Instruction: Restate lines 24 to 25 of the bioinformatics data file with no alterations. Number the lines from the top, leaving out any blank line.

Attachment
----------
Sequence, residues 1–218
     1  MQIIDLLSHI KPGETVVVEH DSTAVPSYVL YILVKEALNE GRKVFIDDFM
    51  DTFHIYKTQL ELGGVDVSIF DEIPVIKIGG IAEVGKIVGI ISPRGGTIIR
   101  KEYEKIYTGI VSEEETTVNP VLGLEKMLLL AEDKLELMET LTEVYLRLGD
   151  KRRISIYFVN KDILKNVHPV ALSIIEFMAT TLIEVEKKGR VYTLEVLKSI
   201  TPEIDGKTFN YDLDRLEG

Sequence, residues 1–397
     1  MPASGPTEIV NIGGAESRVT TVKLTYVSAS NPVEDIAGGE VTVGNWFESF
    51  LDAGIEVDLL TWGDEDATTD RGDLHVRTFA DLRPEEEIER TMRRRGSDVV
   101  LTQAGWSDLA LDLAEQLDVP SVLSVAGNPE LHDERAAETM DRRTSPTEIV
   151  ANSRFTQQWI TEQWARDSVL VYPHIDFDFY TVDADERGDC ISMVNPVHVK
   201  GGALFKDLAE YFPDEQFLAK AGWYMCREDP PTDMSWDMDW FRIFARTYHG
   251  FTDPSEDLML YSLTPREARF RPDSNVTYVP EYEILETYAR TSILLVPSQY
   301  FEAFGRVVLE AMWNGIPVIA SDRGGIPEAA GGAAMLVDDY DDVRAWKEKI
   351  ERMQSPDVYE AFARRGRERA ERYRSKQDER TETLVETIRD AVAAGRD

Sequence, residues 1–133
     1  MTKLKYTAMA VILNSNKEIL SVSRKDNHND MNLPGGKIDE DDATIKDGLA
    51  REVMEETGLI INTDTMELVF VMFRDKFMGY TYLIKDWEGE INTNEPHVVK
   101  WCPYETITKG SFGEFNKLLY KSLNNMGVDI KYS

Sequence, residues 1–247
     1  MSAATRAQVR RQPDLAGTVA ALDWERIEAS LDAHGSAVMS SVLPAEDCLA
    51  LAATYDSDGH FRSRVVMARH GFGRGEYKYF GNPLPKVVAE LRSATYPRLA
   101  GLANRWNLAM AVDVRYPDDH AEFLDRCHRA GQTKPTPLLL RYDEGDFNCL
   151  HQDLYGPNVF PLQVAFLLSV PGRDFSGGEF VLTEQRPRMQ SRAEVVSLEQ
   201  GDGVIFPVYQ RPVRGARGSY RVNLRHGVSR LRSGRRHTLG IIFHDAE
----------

   151  HQDLYGPNVF PLQVAFLLSV PGRDFSGGEF VLTEQRPRMQ SRAEVVSLEQ
   201  GDGVIFPVYQ RPVRGARGSY RVNLRHGVSR LRSGRRHTLG IIFHDAE